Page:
and you were left alone with your hate like that bee sting
in your shoe you couldn’t shake loose—the hurt he could never know
and could never suffer under, as he made fun of your car, just that;
but it was enough—saying, “It probably cost less than its speakers!”

But the car, the red one, that thing—somehow it was so much
of your pride, I had never realized it until then; you’d shine it
every weekend when you worked at the garage, you put stickers
on the doors and a toy with suction cups on its hands in the back window,
looking out. The car was yours, you had worked for and bought it
in spite of our family. And this one comfortable man cut it down
and you down with it, in an instant which I would never forget because
I felt, only then, in myself your true hatred and fierce shame I wanted
so badly to kill him, for you, for me, break his goddamned neck
in my hands, all red—and then we could leave—finally leave
and not ever look back, not even once, you motherfucker, Oh
help me.

Finally we roar from the scene in front of the post office that day
in schooltime, roar away a hundred miles per hour, pass through
the one-street town and the farms and the silos all together as one,
all left for good, forever, the radio blasting in our ears, whatever
songs, real brothers at last, unafraid, nothing more, no more shame.
We yell and make jokes with each other and pound on each other’s shoulders
and pass by the school screaming and never ever go there again, those
faded speckled halls. Drive on and on and never run out of gas or radio
stations and good songs, past the rotting barns full of lawnmowers, past
the stumps in the snow. Past the wide Susquehanna frozen over
in January, past the harvest moon. Past where you once got a bow and arrow
ready to shoot our dad on his farm, walking the entire length of the macadam road
in your bare feet, eleven or twelve years old. Past how much I really believed
that day you’d kill him. Past our lives. Past when you came home
from camp with your knuckles so swollen and torn with scabs and
wouldn’t say why. Past the black eye you had at the Thanksgiving
table last year. Past when you were suspended from school when
the deaf kid told on you because he saw you breaking a desk.
Past the stitches in my reattached finger from your axe when we were cutting wood.
Past the tiny place on the back of your head where no more hair
will grow out of a scar, I remember that day in our dad’s van, the dark stone
stuck in the back of your head. Past when you loaned me your shoes
when I cried and was lonely one summer and Mom forbade me
to wear my shoes down to see the fireworks. Past
the times we went fishing together and you showed me how
it was really done, but would never tell me who showed you. Past
when you made me a giant paper-maché tooth when I lay on the sagging
couch for two days drugged from my wisdom tooth operation and you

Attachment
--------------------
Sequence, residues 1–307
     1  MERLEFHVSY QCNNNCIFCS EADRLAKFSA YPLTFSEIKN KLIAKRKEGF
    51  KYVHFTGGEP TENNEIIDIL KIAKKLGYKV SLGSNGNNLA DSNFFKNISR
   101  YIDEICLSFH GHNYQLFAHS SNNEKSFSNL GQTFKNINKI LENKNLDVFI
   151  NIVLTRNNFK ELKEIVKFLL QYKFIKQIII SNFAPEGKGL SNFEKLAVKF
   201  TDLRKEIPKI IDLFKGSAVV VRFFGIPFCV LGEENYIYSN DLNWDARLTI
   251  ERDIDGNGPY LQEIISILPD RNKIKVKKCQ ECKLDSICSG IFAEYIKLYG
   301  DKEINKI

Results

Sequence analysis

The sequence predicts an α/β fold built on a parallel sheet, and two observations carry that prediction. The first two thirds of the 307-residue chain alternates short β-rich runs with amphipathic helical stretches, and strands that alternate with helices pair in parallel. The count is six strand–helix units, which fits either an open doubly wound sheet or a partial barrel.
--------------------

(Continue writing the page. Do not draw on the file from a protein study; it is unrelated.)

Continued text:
wrote on the huge tooth you gave me I Love You Karl. Past
your grey cat with one white toe whom you named Mittens.
Past when you saved our house from catching on fire and Mom
was drunk that night and you were so scared you were shaking, even
cried tears in her arms afterwards. Past whenever you cried or swore
to yourself in bed at night and maybe I heard you through the wall.
Past the nightmare you had of crocodiles coming down the hall
when you woke up screaming and went into Mom’s bed. Past
when we went to Jamaica at seven with Gran and Grandad
for our “once-in-a-lifetime” vacation and you found a pet coconut
for yourself, and I had pet sea-urchins, and how you cried
and screamed the last day of that week when Mom had to bury
your secret friend in the sand, saying It Will Always Be Here
For You To Come Back To. Past how I cried when
we got home from vacation and I realized I left my two
dry sea-urchins on the plane, under my seat
in an airsickness bag. Past every morning you went hunting
alone in freezing dawns, the heart of the woods goes with us.
Past every Christmas when we had no heat. How Mom stood up,
past driving a hundred miles to work every morning for four years.
Past all I remember. Past I love you Steve. Past the note
you once wrote, so drunk you fell twice on the stairs, the note
lying scrawled on the kitchen table in the morning saying
Mother Forgive Me For My Sins—and we will ride on
and on past every other disappearing past the car
past all we are past the ends of my arms we will walk
hand in hand in the night.

Copyright Notice: All work appearing on this blog is copyrighted to its stated author and has been posted with permission. Please post a link to a post you like rather than reblogging in order to avoid copyright infringement.

Brandon T. Madden

S/tick is back with a touching story from Brandon T. Madden. If you like it, check out Brandon’s website for a sneak peek at his novel, V.S.A, or give him some feedback.

Snowed Tea

Snow tumultuously fell from the sky, wiping around the car as we slowly drove down the street. We should have taken the first warning sign as we ate lunch in the dining room, looking out the wide bay window at the storm, or at the very least we should have taken the second warning sign when Meredith couldn’t open her car door because it had been frozen shut. But nonetheless, here we were, traveling at a whole whopping 3 miles an hour and still sliding, trying to keep this metal death trap straight on the road.